Christopher Hitchens—the incomparable critic, masterful rhetorician, fiery wit, and fearless bon vivant—died today at the age of 62. Hitchens was diagnosed with esophageal cancer in the spring of 2010, just after the publication of his memoir, Hitch-22, and began chemotherapy soon after. His matchless prose has appeared in Vanity Fair since 1992, when he was named contributing editor.
“Cancer victimhood contains a permanent temptation to be self-centered and even solipsistic,” Hitchens wrote nearly a year ago in Vanity Fair, but his own final labors were anything but: in the last 12 months, he produced for this magazine a piece on U.S.-Pakistani relations in the wake of Osama bin Laden’s death, a portrait of Joan Didion, an essay on the Private Eye retrospective at the Victoria and Albert Museum, a prediction about the future of democracy in Egypt, a meditation on the legacy of progressivism in Wisconsin, and a series of frank, graceful, and exquisitely written essays in which he chronicled the physical and spiritual effects of his disease. At the end, Hitchens was more engaged, relentless, hilarious, observant, and intelligent than just about everyone else—just as he had been for the last four decades.
Michael Totten writes here of being in Beirut with Christopher Hitchens - and being attacked by the Syrian Nazi Party...
Last week Christopher Hitchens and I were attacked in Beirut. Less than 24 hours after we landed at the international airport, a half dozen members of the “Syrian Social Nationalist Party”:http://en.wikipedia.org/wiki/Syrian_Social_Nationalist_Party jumped us on Hamra Street when he defaced one of their signs.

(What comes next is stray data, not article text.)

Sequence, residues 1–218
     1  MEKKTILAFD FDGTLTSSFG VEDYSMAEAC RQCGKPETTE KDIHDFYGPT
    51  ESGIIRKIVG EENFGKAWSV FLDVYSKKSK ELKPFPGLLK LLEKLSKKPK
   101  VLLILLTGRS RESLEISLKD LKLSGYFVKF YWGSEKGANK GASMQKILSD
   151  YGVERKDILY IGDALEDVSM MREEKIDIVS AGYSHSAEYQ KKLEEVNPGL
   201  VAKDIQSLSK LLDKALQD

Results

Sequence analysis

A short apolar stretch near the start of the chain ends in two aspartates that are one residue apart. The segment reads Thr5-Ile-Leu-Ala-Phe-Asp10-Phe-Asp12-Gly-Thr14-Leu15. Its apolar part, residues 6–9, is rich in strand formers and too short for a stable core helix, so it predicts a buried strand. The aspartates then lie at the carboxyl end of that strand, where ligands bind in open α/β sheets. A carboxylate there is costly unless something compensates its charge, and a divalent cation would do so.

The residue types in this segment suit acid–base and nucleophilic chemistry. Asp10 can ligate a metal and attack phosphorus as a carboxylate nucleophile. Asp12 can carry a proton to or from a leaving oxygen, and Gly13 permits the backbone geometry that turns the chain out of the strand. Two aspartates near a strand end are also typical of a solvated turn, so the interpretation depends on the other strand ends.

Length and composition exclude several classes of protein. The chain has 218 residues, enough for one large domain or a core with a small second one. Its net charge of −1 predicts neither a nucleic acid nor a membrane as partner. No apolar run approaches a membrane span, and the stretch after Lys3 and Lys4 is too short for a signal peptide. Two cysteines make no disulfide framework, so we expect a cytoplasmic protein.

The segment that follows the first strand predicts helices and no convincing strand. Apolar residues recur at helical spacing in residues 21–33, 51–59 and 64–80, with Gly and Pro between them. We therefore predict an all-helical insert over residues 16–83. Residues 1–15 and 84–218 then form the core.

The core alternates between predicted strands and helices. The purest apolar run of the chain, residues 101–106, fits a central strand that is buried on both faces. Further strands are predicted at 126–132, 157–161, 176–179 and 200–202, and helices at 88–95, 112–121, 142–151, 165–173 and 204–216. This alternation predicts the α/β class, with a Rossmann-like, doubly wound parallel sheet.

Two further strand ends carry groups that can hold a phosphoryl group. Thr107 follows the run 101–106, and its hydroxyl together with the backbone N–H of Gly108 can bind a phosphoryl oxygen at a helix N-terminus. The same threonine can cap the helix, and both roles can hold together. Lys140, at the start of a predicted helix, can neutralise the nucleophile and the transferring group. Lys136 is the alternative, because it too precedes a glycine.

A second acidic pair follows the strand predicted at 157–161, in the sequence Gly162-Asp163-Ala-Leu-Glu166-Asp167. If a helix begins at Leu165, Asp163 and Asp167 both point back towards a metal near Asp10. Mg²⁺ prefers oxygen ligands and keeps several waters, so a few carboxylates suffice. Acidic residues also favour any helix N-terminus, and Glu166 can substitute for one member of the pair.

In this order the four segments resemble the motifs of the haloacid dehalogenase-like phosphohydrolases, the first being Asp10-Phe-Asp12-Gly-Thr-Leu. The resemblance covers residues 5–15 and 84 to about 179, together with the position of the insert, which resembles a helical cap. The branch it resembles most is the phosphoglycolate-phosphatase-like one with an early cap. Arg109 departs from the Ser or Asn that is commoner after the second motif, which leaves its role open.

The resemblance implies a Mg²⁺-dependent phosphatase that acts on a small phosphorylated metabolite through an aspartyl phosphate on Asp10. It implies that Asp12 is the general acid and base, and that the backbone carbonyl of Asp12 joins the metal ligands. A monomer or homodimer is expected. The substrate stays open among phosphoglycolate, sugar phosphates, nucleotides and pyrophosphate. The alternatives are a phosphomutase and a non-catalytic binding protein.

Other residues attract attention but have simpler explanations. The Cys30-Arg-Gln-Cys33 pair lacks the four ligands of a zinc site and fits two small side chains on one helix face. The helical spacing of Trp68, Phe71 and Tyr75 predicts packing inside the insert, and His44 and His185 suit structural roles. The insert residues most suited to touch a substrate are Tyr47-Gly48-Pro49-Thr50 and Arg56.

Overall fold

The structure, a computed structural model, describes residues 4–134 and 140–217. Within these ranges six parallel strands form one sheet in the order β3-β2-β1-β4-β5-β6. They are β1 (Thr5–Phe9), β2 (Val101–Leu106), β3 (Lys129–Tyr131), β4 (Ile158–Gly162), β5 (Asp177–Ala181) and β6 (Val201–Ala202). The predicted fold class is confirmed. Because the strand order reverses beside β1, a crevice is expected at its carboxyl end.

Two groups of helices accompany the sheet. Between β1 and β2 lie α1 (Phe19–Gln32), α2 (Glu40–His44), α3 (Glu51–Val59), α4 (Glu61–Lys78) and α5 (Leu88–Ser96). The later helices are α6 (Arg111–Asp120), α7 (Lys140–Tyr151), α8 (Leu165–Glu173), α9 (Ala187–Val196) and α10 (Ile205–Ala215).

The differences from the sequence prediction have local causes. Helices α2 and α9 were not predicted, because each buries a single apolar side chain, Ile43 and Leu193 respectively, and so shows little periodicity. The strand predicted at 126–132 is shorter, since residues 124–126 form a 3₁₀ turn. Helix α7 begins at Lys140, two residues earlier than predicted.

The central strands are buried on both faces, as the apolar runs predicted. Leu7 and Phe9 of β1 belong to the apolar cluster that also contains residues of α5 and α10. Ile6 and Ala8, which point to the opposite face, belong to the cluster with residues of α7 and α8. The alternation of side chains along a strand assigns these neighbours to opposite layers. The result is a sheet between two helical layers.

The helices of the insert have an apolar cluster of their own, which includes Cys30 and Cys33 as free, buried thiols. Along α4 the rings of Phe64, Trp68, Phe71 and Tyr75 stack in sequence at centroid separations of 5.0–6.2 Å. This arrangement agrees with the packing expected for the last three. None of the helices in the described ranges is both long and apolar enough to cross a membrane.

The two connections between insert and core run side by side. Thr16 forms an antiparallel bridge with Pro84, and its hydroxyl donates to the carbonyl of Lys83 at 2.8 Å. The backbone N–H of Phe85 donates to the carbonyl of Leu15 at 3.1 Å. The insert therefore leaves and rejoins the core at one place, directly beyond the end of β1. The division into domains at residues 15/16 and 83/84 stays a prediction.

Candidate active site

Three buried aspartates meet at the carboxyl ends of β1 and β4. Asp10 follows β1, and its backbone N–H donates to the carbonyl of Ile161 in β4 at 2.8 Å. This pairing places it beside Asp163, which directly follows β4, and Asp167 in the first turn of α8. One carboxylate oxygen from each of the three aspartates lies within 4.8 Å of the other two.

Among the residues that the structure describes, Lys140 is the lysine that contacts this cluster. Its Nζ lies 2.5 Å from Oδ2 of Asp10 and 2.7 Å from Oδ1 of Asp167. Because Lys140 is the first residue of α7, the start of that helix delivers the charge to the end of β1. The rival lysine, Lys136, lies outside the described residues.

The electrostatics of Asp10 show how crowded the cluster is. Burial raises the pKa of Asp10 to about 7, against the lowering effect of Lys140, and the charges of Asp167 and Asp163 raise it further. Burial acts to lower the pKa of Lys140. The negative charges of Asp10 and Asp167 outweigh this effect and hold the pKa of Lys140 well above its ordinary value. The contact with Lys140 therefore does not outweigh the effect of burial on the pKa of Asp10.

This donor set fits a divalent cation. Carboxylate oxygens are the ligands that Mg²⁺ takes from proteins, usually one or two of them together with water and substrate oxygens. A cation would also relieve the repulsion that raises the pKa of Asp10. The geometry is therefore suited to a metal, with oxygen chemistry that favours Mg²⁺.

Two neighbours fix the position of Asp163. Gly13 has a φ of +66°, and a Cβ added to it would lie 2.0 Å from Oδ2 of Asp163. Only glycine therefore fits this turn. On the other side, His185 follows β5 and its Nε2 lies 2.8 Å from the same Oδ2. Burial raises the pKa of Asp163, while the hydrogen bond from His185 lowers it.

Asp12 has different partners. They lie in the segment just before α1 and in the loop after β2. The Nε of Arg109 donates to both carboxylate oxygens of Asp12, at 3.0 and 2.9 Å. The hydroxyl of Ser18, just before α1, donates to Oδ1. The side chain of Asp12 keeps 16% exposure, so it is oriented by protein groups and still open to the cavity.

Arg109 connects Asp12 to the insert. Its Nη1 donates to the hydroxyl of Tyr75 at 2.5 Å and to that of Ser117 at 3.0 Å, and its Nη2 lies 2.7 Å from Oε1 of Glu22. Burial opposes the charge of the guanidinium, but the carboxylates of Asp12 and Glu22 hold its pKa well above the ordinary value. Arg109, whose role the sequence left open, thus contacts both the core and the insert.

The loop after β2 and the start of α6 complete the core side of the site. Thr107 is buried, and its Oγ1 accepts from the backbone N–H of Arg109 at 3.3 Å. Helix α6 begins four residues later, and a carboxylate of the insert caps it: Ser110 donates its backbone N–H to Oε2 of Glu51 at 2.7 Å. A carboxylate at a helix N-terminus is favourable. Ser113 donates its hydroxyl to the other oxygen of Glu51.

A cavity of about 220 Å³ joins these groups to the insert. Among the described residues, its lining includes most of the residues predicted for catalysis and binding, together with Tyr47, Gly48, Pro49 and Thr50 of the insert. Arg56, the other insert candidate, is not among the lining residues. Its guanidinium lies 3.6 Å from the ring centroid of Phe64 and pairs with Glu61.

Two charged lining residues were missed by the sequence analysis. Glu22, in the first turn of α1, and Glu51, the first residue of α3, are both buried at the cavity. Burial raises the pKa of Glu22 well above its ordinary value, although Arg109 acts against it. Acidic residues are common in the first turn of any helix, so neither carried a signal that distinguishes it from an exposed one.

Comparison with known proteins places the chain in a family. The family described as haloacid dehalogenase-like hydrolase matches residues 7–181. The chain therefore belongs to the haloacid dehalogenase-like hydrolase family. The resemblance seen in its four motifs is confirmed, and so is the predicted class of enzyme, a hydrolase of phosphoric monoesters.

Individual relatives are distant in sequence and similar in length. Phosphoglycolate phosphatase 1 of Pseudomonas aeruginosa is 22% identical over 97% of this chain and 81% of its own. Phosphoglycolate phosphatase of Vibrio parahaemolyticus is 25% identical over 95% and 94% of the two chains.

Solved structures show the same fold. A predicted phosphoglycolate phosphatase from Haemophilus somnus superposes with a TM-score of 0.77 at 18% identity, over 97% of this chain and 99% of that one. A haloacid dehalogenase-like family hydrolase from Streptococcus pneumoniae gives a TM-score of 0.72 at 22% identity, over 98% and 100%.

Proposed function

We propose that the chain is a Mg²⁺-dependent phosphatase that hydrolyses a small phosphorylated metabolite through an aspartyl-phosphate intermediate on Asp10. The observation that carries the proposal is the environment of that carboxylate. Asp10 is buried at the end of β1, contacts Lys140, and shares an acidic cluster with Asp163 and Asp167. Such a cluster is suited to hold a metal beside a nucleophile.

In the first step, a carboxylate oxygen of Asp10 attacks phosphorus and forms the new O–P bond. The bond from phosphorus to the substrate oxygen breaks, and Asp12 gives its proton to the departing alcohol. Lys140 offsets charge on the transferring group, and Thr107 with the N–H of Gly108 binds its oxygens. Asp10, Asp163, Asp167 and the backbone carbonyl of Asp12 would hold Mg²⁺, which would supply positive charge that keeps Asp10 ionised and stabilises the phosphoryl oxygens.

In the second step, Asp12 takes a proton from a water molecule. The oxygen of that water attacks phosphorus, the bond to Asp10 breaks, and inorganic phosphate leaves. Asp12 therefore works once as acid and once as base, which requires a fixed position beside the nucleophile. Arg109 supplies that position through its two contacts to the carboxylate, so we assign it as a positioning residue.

He and I were traveling together because Lebanon’s “New Opinion Group”:http://www.nowlebanon.com/Sub.aspx?ID=175 invited us to meet Prime Minister Fouad Seniora, Future Movement party leader Saad Hariri, Druze chief Walid Jumblatt, and other leaders of the pro-independence “March 14” coalition.
Christopher Hitchens was an atheist and an equally ardent supporter of freedom, liberty, and courage in making a stand against islamofascism. Author of the book, God is Not Great, he engaged Dinesh D'Souza in a classic debate about religion..
Hugh Hewitt hosted him a number of times on his syndicated radio program - and promises to rebroadcast the last 3 hour interview he did with Christopher Hitchens before the New Year. Listen if you can - to get the spirit of the man.
His pain and suffering from a terrible disease has ended - and I hope he has found both peace and the answer to the question...
I salute a great soul with a raised glass. Rest in Peace.